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February 10, 2013
Re "Misunderstanding the university," Opinion, Feb. 7 My time at Brooklyn College - which faces protests for the decision of its political science department to sponsor an event whose speakers supported boycotting Israel - was interrupted by three years of military service. But what I remember most about the school was the wonderful excitement of robust debate. At the time, students took sides on the tough, life-and-death issues of isolation versus involvement in World War II, the United Nations and more.
April 22, 2014 | By Ryan Faughnder
Here's one group that's happy about Netflix's planned price hikes: Wall Street. The video giant said Monday it will soon raise prices for new customers of its streaming service by  $1 or $2 a month as it bets its growing slate of original content will continue to draw subscribers. Existing customers will continue to pay current prices for a time.  Wall Street analysts praised the coming hikes as a way to drive profitability as...
January 28, 2012 | By Chris Erskine, Los Angeles Times staff writer
“Wanna see my bruise?” That's just one of the off-beat moments from Alie Ward and Georgia Hardstark panel kicking off the Los Angeles Times Travel Show Saturday morning. No worries. They're back Sunday at 11 a.m. at the Travel in Style Stage. The two spent a funny 45 minutes mixing destination cocktails: Thai tea leaves with vodka, fresh berries mixed with sparkling wine, Irish whiskey, Irish cream, crème de menthe. While the cocktails are fun, the chatter is the real draw here.
April 11, 2014 | By Mary McNamara, Los Angeles Times Television Critic
Like many Americans last week, I greeted the news of David Letterman's retirement in 2015 with regretful acceptance. I love him with a love deep and true, but the man is pushing 70, and at least we could look forward to another year of his fine, cantankerous self. But now I cannot wait for him to go. From the moment it was announced Thursday that Stephen Colbert would be taking over "Late Show," I was ready to box up Letterman's stuff and move it myself. Because I have to know: Will Colbert change the nature of late night or will the bravest comedian on television just sell out?
June 14, 1992
I'm writing about the last episode of "Cheers" (NBC, May 14). It was without a doubt the stupidest comedy show of the season. The writing was juvenile and moronic, and the direction was abominable, with no visible wedding ceremony for Woody (Woody Harrelson) and Kelly (Jackie Swanson). Larry Ginsky, Glendale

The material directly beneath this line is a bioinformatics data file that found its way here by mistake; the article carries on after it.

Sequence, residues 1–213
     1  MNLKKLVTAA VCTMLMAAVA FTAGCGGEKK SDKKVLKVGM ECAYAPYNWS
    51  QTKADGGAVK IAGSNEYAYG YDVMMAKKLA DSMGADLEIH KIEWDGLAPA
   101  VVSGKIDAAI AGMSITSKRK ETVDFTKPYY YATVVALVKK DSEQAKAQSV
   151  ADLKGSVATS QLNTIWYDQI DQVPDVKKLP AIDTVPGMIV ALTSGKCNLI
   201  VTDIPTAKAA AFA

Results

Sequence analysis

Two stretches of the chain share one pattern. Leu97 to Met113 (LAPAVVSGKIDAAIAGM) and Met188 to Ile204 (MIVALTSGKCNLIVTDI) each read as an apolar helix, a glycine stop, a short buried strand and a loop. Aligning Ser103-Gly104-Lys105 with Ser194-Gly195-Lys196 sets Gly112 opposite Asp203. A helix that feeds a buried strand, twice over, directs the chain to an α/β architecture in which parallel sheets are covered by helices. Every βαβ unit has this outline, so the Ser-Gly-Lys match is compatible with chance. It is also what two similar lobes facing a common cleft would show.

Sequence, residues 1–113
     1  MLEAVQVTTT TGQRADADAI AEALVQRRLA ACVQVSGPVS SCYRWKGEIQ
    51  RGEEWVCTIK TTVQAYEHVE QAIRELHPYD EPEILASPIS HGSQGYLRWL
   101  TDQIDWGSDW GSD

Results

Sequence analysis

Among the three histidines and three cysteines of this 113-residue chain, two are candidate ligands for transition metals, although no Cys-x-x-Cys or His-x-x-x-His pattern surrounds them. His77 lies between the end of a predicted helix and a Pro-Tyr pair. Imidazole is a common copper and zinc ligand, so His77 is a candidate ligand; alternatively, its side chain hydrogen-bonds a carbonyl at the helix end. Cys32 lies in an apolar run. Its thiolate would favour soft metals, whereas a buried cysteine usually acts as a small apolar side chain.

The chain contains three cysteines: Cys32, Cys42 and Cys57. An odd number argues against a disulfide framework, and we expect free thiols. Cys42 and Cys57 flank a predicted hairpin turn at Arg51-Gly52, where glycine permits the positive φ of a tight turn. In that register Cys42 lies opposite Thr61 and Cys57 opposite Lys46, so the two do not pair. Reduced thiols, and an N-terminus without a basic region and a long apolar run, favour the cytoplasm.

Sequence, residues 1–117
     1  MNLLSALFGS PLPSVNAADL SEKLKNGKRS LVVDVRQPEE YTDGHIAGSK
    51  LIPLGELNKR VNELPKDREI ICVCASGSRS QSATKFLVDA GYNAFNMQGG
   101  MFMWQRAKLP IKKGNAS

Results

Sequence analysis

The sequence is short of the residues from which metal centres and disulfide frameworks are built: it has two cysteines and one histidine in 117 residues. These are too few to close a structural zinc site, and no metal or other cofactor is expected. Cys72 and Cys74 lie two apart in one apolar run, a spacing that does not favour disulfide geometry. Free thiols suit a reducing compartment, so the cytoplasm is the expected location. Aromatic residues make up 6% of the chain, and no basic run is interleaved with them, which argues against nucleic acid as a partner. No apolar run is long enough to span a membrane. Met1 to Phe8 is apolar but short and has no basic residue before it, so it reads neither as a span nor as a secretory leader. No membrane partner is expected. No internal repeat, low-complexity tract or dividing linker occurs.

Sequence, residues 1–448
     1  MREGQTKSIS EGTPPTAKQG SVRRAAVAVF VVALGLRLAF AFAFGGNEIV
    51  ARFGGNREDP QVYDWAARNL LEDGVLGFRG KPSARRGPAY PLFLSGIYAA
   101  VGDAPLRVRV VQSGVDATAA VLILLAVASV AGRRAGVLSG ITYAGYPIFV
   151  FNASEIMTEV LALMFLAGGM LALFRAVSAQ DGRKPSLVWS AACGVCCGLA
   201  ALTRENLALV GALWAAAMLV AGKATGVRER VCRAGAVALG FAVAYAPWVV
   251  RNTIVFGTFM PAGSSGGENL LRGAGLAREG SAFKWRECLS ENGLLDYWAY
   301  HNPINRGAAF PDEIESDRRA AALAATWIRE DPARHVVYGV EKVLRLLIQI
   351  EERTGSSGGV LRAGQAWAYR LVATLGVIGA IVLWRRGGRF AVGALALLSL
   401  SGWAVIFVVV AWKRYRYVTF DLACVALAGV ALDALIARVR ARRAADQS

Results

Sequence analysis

December 26, 1992
I read Ken Behnken's Dec. 19 Saturday Letter and agree that it would be appropriate for "Cheers" --a program that influences the behavior of millions of lemming-like viewers--to end its final season by having Sam and Carla test HIV-positive to promote awareness of AIDS. But why stop there? "Cheers" hasn't often dealt with responsible drinking, so let's have Frasier--still despondent over Lilith's departure--get into a head-on collision while driving drunk and kill a family of five.
January 24, 2013 | By Matt Pearce
There are a lot of ways to come out to people as something other than totally straight, but most of them fall under two categories: Person by person, where the ritual of admission is repeated as much as it needs to be, or all at once. The latter -- the big reveal -- can be a dramatic gesture both large or small, whether it's Anderson Cooper sending an email to a famous blogger , or Jodie Foster coming out (well, sort of ) in front of a massive TV audience. And even though big comings-out can carry social and political heft, there's still a single confessor at their center.
September 28, 2010 | Bill Plaschke
The Compton Centennial players giddily break the huddle and jog up to the line of scrimmage, the final seconds of the clock ticking, their first victory awaiting, a 55-0 decision over Los Angeles Douglass nearly complete. "Take a knee!" Coach Jimmy Nolan says in a common gesture of sportsmanship. What? The kids look over to the sideline and shrug. Some of them have never heard such an instruction. Some of them have never played in a winning game. Eight of the 11 players immediately take a knee.
November 8, 1992
Thank you for publishing Mary Frances Smith's column, California Corner, on events happening in our area. I really appreciate it. MARGIE WINSTON Reseda
April 8, 2014 | By David S. Cloud